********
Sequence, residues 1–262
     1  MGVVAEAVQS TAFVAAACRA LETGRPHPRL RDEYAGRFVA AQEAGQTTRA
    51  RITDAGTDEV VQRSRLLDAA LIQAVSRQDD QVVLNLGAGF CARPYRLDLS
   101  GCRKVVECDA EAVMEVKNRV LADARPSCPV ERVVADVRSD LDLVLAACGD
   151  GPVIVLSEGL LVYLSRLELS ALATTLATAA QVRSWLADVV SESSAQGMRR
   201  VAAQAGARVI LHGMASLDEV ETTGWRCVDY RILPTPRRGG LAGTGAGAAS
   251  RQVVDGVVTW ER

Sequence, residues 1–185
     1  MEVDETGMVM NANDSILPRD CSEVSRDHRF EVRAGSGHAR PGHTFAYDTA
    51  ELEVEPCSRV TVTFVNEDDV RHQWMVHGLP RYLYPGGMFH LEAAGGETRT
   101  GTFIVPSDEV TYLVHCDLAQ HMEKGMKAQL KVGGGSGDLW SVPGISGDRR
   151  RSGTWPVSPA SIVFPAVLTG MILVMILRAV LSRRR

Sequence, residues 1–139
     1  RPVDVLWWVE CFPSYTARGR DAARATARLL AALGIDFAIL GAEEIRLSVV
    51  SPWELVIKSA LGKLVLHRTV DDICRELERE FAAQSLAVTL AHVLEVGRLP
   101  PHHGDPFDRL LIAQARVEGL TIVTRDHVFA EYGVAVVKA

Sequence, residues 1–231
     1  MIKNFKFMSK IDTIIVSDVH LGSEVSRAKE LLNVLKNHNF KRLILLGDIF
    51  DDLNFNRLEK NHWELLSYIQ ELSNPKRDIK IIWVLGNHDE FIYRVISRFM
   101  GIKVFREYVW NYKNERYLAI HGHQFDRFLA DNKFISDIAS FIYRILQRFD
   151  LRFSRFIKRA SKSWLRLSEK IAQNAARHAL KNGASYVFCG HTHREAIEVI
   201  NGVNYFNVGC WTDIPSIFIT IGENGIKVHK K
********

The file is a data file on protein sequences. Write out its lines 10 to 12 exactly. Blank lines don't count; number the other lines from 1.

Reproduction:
    51  ELEVEPCSRV TVTFVNEDDV RHQWMVHGLP RYLYPGGMFH LEAAGGETRT
   101  GTFIVPSDEV TYLVHCDLAQ HMEKGMKAQL KVGGGSGDLW SVPGISGDRR
   151  RSGTWPVSPA SIVFPAVLTG MILVMILRAV LSRRR